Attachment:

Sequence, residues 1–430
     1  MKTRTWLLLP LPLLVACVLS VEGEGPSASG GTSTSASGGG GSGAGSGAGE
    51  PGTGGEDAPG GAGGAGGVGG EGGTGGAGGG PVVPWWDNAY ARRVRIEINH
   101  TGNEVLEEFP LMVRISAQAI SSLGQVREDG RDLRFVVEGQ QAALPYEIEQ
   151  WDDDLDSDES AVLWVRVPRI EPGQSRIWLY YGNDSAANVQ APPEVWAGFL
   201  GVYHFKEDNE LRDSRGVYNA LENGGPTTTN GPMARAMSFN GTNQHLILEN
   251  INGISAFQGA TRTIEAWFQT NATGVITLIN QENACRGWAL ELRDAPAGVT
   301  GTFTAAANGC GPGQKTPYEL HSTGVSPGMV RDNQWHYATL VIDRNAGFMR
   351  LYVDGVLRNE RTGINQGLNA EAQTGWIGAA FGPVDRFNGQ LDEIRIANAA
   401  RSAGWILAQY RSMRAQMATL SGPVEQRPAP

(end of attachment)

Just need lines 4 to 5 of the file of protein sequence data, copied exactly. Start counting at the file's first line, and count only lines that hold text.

   101  TGNEVLEEFP LMVRISAQAI SSLGQVREDG RDLRFVVEGQ QAALPYEIEQ
   151  WDDDLDSDES AVLWVRVPRI EPGQSRIWLY YGNDSAANVQ APPEVWAGFL